Tail flukes of a southern right whale

Moby Dick whale classification round up

We’ve read several excerpts from Chapter 32 (“Cetology“) of Moby Dick by Herman Mellville, in which he describes the various kinds of whale and dolphin encountered and hunted by whalers in the first half of the nineteenth century. Mellville spent some time on a whaling boat in his youth, and knew whereof he spoke. The fact remains, however, that at times he misidentifies one kind of cetacean as three separate species, and that his science is often sketchy. He is also sometimes hard to understand – so many words! So many unnecessary capitalisations!

So why are these extracts of 19th century literature interesting, and do they have any use or relevance to us today at all? Here’s my opinion.

  1. They are beautifully written pieces of literature. I can’t resist Mellville’s description of the blue whale as a “retiring gentleman”, and the narwhal as having a very “picturesque, leopard-like look, being of a milk-white ground color, dotted with round and oblong spots of black”.
  2. They are history. Mellville mentions which whales were found where, and their relative abundance. He also describes the various products derived from each whale. Today we are accustomed to high frequency, high quality data in useful formats (i.e. not words written in longhand on a piece of paper), but if we go back a few decades we have to change our expectations. Data from ships’ logbooks, for example, has been used to generate data for analysis of trade routes where detailed satellite and port data was not yet available or being used.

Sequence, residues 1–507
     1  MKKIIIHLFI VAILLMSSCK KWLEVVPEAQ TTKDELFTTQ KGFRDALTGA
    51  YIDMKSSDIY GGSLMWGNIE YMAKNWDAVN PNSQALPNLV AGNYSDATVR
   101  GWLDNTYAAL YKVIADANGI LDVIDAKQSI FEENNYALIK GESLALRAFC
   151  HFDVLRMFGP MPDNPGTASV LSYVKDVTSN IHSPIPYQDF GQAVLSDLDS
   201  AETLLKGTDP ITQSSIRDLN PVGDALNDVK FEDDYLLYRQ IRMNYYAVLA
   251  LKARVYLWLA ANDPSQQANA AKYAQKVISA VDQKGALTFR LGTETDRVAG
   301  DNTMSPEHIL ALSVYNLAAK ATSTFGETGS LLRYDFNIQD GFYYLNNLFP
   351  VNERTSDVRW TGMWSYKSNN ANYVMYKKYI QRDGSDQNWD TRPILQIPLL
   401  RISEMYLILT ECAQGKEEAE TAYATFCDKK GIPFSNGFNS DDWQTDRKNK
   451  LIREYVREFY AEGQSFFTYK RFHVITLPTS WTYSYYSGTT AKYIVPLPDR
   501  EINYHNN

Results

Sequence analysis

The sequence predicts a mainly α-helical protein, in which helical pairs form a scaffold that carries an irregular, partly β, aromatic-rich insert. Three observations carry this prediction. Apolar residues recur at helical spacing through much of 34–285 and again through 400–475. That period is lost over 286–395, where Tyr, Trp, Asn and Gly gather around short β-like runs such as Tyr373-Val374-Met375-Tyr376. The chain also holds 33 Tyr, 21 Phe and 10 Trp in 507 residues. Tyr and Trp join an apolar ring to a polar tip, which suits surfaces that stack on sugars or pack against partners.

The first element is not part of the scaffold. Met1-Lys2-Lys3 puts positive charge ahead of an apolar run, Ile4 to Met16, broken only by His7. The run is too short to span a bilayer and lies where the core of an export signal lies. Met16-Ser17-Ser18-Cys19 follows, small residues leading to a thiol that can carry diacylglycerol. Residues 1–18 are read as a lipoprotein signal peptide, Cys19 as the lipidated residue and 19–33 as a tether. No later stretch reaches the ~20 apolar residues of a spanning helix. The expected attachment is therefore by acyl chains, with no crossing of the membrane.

3. Mellville was not a scientist, nor does he claim to be. His observations of the appearance and behaviours of various whales, however, are frequently spot on, capturing their essential character in a few (or, more often, many) words.
  4. Mellville writes from the perspective of a hunter, and as repugnant as whaling is, there is an undeniable respect that Mellville the whaler displays for his prey. He writes of the whales as one who has observed them, measured their powers, and who understands their lofty position in the ecosystem.

I hope I’ve persuaded you that there is at least some merit and joy in these passages. In case you want to go back and check them out, here’s Herman Mellville on:

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Clare

Lapsed mathematician, creator of order, formulator of hypotheses. Lover of the ocean, being outdoors, the bush, reading, photography, travelling (especially in Africa) and road trips.

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